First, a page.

Well, we tried once before, but he got stuck in traffic! We’ve been friends for a long time. He’s not able to travel like he used to so he latches on to other bands when they tour in his area. He’s still got a great following out there on the West Coast. It’ll be a fun gig, anyway, because he’s truly a spirit of joy. The guy just makes me laugh constantly. So it’s always party time around him.

You’ve played with so many blues greats. Anybody you’d still like to jam with?

I’m up for playing with anybody who wants to, if they got the stuff. I’ve been doing a lot with having guest artists play with us. Reba Russell has been touring with us, and she just sings her little tail off. Doing a lot with the Cate Brothers. Idea is to bring in some people who wouldn’t get in front of the same crowd as me, so we can introduce them to each other. Since we all kind of speak the same secret language, it’s easy to do. If you got somebody who knows that same universal language, even if you’ve never met them before you can just throw them up on the stage and make it work.

Given that it is a standard language, how do you think you stand out?

Well, hell, it’s what you do with it. Most of what I write is kind of outside of the standard twelve-bar box. But it’s how you paint your own painting that matters.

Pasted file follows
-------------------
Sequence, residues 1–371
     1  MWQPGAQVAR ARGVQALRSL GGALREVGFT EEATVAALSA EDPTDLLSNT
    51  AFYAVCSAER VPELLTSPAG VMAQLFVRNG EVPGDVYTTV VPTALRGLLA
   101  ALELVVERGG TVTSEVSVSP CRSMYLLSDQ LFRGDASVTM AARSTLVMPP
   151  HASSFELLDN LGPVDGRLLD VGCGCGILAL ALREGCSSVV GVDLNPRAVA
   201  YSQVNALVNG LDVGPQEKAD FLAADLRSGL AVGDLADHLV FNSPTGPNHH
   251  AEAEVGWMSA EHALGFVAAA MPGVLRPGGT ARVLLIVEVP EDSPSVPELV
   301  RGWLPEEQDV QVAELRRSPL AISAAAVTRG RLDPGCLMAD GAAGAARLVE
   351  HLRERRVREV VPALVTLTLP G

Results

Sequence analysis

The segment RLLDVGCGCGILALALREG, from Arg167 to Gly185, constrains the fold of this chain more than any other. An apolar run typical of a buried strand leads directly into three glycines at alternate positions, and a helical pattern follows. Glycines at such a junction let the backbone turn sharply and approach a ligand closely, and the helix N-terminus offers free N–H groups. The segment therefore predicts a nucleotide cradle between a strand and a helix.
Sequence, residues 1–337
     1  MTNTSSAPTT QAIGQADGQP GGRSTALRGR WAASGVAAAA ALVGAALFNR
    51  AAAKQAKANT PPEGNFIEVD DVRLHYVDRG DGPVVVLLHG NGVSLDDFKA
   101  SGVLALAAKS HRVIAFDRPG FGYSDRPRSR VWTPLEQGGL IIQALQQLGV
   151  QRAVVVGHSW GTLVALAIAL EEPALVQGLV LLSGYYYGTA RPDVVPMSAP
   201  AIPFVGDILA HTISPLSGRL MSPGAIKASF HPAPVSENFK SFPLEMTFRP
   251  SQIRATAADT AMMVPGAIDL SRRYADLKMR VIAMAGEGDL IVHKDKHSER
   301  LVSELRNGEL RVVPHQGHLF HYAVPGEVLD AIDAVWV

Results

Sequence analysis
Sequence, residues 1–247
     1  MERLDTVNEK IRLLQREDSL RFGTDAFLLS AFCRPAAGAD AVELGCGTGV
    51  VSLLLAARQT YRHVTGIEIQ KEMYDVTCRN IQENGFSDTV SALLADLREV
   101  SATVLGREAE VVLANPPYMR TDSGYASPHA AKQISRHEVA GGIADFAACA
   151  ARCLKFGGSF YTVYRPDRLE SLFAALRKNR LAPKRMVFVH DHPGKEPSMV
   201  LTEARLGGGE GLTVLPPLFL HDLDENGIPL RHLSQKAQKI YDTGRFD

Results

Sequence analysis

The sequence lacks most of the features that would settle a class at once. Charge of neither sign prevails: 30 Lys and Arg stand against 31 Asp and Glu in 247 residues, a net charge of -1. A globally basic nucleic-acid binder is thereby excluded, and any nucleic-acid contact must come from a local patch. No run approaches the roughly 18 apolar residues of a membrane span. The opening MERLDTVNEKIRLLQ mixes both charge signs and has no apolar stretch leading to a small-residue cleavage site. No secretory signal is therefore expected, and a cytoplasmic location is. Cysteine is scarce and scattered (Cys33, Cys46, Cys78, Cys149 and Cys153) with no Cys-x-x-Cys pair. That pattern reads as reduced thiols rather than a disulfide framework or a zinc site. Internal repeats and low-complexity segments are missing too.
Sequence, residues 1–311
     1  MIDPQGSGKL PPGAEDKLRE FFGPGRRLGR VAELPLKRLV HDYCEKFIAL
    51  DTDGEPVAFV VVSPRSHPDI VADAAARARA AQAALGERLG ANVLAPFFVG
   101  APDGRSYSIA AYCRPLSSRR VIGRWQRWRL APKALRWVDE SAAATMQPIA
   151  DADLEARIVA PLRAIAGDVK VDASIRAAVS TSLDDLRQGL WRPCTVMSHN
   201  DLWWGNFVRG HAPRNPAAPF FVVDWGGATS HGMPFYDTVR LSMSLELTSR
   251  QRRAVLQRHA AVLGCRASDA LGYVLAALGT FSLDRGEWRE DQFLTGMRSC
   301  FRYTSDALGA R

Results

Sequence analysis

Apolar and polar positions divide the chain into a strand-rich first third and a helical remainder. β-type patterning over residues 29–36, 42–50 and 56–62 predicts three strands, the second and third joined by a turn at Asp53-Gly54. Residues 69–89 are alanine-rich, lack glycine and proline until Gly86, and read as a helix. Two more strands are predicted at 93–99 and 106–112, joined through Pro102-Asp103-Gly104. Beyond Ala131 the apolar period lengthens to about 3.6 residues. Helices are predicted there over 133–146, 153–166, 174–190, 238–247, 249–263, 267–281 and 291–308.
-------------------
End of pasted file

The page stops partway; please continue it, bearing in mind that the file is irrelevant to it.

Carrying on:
You’ve mostly painted that picture as a road warrior, even after leaving the ‘Hawks.

First thing I did was start this giant band, the Assassins, but it was hard to move ‘em around and pay ‘em. After five years, we decided to go to the trio thing, and all of a sudden we were a lean, mean blues machine. Next thing I knew I was doing three hundred nights a year again! So the last couple of years I’ve scaled back. For one thing, I’m not getting any younger, and for another there aren’t that many gigs you can do in this country. With the onset of technology – DVDs, PlayStations – it’s harder and harder to get our demographic, who are all fifty years old, out of their Barcaloungers. That’s part of why I bring these extra artists along with me, to try to pique some interests in these old farts to get up and go to a show. It’s hard to fill your club up on a Tuesday night with a touring band, because more than likely they’ve seen that guy already. Which is why my hundred-something-mile drives between gigs have become five hundred miles a day.

People are always examining the state of blues in the U.S. Maybe a decade ago there was that major blues revival with guys like Kenny Wayne Shepherd and Jonny Lang, but you don’t hear about that anymore.

Sure, there was a sudden resurgence of the young kids. They were all pretty much what I call Stevie Ray Vaughan-a-bees. While I wanted to encourage them, my advice was to quit trying to sound like that guy and develop their own sound. Jonny got over the hump, but a lot of the other ones, well, they’re washing cars, I guess. I know they’re not out here on the road. But in general the blues goes in cycles, just like anything else. Skinny ties are coming back in fashion, so maybe the blues will become a valid sellable art form again.

What has been the high point of your own solo career then?

I never missed a step. I’m still touring all over the country and the world for that matter. The record making has been a lot of fun. Unfortunately, the heroes have all passed by. There aren’t too many left. But for me headlining a festival, playing some blues cruises, those are real fun high-profile dates. I have no complaints. It’s been a great run.